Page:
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04 May 2005 @ 12:34 pm
What happened on May 4th, 1970? Mini history lesson for those not living in Kent...  
So, yeah. May 4th, 1970, four college students were shot and killed by the Ohio National Guard during a protest on campus that went very, very wrong. Nine other students were shot and wounded; one was paralyzed. Two of the students killed were participating in the protest, the other two were walking to class or observing. The shootings on May 4th were the culmination of several days of chaos that had resulted from Nixon's announcement of the invasion of Cambodia on April 30th. These events were followed by similar rioting, shooting, and killing at Jackson State University on May 14th, which left two dead and a number wounded under similar suspicious circumstances.

My mother went to Kent State in 1970, and on May 4th she had grabbed her library books as an excuse to be outside and walking past the protest. She was my age. When the shooting began, she ran into one of the dorms with several others. So, yes, she was there and she got shot at... there are a fair number of people still in or around Kent that can claim something similar.

The thing about May 4th is that the "always remember" adage has made it so that these events and the four deaths have been rehashed and memorialized to a disgusting extent. Jesus Christ, people, I have to live in this town. It's not a great town, but it's more than May 4th. It goes beyond the four kids who died. Do I hate that those people were killed and injured? Yeah, I do. Does it make me angry that it was by National Guardsmen, particularly since the National Guard were already accused of handling things incredibly poorly? Yup. And I've been to the memorial, I know where to find the bullet holes, I've picked the daffodils, I've even mocked the whole damn thing... because when you're so close to it, what else can you do?

Guess what? All the memorials and ornamentation in the world isn't going to change the fact that those four people died. It isn't even going to give closure; all you have to do is walk around Kent 35 years later and you'll see that there hasn't been any closure regarding May 4th. It's been kept open, festering, supperating. We keep bringing up the names of the dead; we never give them a chance to rest. We have not given ourselves the chance to move on. We're being haunted by these ghosts because we refuse to let them go. It isn't even about the people who died anymore; it's all been twisted into some sort of disgustingly political monster. Money and politics, not these four kids.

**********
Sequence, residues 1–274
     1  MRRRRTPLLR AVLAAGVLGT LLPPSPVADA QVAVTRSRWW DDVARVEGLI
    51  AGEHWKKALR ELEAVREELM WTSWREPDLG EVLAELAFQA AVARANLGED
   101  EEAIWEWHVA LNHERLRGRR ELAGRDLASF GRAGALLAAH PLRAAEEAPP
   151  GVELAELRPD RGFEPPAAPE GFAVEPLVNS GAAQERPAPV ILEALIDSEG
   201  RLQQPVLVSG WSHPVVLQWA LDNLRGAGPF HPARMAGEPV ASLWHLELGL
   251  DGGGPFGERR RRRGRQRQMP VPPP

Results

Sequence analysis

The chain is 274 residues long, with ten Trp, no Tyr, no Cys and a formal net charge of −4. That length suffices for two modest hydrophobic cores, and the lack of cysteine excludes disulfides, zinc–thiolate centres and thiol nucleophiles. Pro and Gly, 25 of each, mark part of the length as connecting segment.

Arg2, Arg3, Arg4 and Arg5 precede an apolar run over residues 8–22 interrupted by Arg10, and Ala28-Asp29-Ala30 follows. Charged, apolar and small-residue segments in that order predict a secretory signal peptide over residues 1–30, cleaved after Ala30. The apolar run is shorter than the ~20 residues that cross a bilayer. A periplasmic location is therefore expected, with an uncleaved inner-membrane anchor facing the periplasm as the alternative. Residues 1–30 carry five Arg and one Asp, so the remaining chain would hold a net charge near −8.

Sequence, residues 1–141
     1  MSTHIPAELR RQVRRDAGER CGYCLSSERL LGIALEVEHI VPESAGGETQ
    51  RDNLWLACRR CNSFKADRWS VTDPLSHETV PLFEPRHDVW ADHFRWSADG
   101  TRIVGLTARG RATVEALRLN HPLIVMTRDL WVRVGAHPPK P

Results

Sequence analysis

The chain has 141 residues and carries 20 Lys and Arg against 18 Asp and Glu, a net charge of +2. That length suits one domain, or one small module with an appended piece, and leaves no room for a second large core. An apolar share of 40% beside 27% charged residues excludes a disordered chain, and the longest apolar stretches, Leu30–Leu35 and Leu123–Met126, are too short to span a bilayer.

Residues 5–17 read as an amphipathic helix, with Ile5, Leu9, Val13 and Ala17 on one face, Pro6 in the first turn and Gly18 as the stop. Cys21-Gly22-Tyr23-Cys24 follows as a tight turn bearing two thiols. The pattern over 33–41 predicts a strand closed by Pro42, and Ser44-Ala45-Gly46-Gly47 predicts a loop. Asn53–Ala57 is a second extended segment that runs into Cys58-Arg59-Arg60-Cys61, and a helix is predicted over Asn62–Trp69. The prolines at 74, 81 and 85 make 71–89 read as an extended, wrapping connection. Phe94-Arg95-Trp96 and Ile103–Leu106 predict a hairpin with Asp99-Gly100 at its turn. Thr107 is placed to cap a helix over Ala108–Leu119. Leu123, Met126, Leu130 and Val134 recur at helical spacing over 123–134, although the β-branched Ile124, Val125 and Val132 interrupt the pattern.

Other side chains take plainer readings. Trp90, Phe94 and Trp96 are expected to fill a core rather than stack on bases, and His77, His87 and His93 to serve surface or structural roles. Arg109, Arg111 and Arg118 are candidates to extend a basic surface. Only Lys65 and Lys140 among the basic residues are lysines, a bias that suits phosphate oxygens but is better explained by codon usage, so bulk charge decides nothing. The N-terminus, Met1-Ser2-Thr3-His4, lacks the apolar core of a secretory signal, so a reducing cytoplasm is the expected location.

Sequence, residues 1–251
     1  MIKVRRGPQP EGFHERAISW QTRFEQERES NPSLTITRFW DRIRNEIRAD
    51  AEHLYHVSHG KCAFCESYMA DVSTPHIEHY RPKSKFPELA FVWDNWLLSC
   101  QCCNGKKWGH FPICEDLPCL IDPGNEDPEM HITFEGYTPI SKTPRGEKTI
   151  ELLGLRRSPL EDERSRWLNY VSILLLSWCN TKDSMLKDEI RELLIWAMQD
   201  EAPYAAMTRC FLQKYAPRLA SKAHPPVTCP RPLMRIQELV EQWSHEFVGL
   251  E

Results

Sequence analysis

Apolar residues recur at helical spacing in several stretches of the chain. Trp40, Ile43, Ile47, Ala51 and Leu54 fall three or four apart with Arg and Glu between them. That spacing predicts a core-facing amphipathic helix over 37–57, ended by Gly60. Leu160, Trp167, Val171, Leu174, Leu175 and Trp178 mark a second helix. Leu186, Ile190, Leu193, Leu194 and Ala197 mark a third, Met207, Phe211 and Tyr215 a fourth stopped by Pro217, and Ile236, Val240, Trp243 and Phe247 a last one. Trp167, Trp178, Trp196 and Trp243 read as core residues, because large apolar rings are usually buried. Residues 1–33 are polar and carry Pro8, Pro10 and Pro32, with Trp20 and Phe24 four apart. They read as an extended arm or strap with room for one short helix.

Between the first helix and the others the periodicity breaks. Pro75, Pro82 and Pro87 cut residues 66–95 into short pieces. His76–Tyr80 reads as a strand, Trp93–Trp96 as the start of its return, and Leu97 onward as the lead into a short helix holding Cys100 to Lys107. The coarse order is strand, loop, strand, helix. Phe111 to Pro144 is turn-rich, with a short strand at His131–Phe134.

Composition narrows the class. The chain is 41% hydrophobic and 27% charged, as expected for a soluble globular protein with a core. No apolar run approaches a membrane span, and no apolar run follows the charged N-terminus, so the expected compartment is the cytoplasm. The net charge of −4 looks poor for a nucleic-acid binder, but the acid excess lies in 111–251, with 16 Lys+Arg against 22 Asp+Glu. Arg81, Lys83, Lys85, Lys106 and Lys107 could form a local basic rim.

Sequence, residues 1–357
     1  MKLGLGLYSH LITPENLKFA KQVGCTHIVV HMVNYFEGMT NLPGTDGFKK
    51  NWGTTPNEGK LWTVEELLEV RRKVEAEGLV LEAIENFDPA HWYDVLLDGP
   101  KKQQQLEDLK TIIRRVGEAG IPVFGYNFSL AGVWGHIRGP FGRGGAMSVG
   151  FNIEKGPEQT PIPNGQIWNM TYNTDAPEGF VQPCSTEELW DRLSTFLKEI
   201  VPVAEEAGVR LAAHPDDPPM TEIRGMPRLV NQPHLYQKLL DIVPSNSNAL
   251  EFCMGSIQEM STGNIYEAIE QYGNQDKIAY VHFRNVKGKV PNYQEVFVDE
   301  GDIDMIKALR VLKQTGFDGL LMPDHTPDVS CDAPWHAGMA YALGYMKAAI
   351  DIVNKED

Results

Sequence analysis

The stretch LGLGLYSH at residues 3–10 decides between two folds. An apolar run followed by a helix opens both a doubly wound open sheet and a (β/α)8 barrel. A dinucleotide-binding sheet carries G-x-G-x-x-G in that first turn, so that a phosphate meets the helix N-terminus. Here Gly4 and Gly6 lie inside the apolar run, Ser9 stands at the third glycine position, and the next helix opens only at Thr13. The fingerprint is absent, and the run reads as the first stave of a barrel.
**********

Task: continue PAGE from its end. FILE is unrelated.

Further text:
Always remember, but learn to mourn and let go. Otherwise you'll end up like Kent State, forever attempting to relive and undo May 4th... and always failing.
 
 
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「雫羅」 dara: Brooklyn (by birdcagelining)sashwizzled on May 4th, 2005 05:29 pm (UTC)
Yes yes yes - totally agree with you. I would add something to that, but you've said it so well that I really can't think of anything...
yeah, i live on the hellmouth.: Dibvichan on May 4th, 2005 08:50 pm (UTC)
Every year this day goes by, and I can never NOT notice it. When my father determined I was old enough (I think I was 5), he took me up to the hilltop and pointed out where the National Guard was standing, where he was standing, and where my mother was (she was in the direct line of fire).

He gave me one of the most memorable history lessons of my life, and the best lesson you can learn from crap like this - mourn them, be angry, but fucking learn from it. Yanno... "those that fail to learn history are those that are doomed to repeat it," blah, blah, etc.

Generally agree with you - the whole issue has been twisted. Let go of the past - just as long as it's not forgotten.